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  • GAYA Magazine

A hijabi was in playboy and the world is going crazy

Noor Tagouri featured in Playboy in a hijab and the world is talking

Noor Tagouri in Playboy. Photo from Instagram @ntagouri.

The online Muslim chatter are abuzz in the wake of Noor Tagouri's interview with Playboy. When it first came out, we were delighted. The choice of media didn't really concern us. In fact, it didn't even shock us. We were just delighted that a mainstream media interviewed the well respected Noor Tagouri, an American-Muslim hijabi journalist. We have always admired her and this interview in Playboy didn't even make us go "Oh Allah! No..."

No doubt Playboy has a reputation - one that doesn't sit well with our Islamic teachings. But don't forget, last year Playboy made a public decision to strip away (no pun intended) nude photos from its brand. The announcement was met with skepticism but it has proven to have prevailed and is re-branding itself into a media of true journalism.

In the latest issue, Playboy tackles the issue of race. This comes on the heels of political change in the US. Noor Tagouri was one of the few who were selected to be interviewed on the topic. And rightfully so. Noor is an advocate for Muslim women's rights. She's vocal, she's strong, she's smart and she's beautiful. She was asked about her experience, her aspirations, the current political climate - intelligent questions.

Sadly none of these mattered. Instead, Twitter was abuzz questioning her choice of media and whether or not she had let us - Muslim women - down. Some called her names and questioned her faith and her commitment to God.


Far too often, Muslim women have been told what to do, how to dress, how not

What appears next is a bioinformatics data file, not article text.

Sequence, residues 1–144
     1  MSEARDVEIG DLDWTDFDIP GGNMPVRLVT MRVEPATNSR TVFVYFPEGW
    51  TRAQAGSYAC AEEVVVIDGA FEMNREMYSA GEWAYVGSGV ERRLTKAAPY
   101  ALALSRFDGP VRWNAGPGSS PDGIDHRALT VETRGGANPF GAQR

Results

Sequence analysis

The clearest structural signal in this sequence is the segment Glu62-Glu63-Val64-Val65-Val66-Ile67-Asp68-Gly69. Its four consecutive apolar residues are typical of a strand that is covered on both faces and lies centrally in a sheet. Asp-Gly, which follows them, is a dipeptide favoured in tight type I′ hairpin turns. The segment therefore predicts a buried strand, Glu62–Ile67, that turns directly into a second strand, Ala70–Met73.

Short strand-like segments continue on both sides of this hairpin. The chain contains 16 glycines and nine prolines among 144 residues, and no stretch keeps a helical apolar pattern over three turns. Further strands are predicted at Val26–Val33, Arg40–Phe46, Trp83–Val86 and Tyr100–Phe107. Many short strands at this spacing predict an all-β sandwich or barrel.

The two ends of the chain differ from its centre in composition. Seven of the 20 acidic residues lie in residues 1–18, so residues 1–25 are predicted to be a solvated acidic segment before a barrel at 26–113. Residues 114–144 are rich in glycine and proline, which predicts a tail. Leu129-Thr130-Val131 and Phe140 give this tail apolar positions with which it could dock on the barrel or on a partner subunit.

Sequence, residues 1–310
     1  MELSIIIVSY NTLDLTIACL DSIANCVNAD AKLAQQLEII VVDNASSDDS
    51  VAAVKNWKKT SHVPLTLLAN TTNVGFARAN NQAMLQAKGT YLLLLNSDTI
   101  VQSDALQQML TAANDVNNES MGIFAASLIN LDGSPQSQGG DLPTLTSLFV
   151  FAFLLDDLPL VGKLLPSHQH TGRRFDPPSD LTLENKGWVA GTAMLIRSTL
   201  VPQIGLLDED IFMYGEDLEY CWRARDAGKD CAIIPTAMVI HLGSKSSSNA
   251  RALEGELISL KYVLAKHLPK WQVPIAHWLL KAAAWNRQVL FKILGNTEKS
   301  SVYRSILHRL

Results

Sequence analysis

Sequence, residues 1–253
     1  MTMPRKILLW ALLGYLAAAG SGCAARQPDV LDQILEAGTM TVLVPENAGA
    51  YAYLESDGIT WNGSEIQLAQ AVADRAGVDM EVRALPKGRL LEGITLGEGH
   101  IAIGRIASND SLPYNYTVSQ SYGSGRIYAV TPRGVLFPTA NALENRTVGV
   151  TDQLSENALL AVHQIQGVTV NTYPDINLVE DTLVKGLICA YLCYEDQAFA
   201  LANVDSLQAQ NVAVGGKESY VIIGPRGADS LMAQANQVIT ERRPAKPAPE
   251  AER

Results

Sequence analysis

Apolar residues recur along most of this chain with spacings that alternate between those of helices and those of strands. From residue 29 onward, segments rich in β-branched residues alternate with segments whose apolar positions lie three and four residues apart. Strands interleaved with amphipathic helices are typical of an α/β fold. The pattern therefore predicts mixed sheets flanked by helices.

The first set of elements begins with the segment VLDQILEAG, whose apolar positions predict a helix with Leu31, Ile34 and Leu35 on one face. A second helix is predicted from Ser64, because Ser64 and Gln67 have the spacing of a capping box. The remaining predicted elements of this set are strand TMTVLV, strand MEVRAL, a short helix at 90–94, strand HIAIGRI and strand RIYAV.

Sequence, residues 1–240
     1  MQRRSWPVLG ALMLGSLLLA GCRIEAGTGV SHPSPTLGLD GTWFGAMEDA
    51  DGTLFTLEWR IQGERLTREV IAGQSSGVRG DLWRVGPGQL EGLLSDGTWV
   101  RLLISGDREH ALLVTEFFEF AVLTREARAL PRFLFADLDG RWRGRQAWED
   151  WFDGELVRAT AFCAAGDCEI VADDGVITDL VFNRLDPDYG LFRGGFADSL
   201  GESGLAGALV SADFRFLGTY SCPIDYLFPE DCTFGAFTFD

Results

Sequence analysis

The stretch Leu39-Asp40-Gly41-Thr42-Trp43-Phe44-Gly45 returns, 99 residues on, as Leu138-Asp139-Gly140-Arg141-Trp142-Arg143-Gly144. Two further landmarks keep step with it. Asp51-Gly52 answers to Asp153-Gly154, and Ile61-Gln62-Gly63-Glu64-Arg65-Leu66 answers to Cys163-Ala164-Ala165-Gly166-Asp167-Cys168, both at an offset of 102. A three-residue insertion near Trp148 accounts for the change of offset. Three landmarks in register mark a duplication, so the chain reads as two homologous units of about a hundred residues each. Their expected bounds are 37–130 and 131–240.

to dress, what to say,..the list can go on. For Noor to stand up confidently and

do her, that should be applauded not degraded.


As much as we were in delight with this interview, this didn't come as much of a shock to us. Personally I had friends sending me text messages on the interview and asking if this was right for her to do. Our discussion on the topic has, up till this point, been between the four walls, but I can't sit back in silence as a Muslim woman I respect is being brought down by her own.

We can go all day debating the choice of media, feminism, religion, Playboy's history, etc. We can stand on the podium like Hillary and list all the good points whilst the opposing team can keep saying 'WRONG' every few seconds (you need to have watched the US Presidential debate to get this joke.). But all that shouldn't detract from the power of Noor's interview. Yes, she was on Playboy, a magazine known for years to have allegedly degraded women. But shouldn't we give its re-branding a chance? And shouldn't we give Noor a chance? Take away the stigma of Playboy, listen to what Noor actually said. She stood up for Muslim women, hijabi women. She was featured in a positive light, an intelligent light unlike the other ways we have been viewed in mainstream media.

Far too often, Muslim women have been told what to do, how to dress, how not to dress, what to say,..the list can go on. For Noor to stand up confidently and do her, that should be applauded not degraded. And definitely not called names like 'hoejabi'. If you want to talk about religion and if you want to question her faith, then ask yourself, is criticizing her and calling her such disgraceful names an Islamic thing to do? Even if you are critical about the association to the publication, don't forget the context of the interview.

Muslim women, hijabi and non, are always caught in the middle of such conversations. In modest fashion, some call us 'oppressed' while others say that we are going against the Islamic teachings. We can't seem to win. There will always be two or more schools of thought. And to be honest, everyone is entitled to their own opinions but we shouldn't be judging the choice of others.

Conversations are changing. Muslim/hijabi women are finally making headlines in the world in a good way just like Anniesa Hasibuan in NYFW. As we stand together against being told what to wear and what not to wear like the ban on the burkini, we should also stand together to support our own sisters especially when they are actually doing something positive. Just like Michelle Obama said, "when they go low, we go high" - no matter what.

Juliana Iskandar is the Editor-in-Chief of GAYA Magazine.

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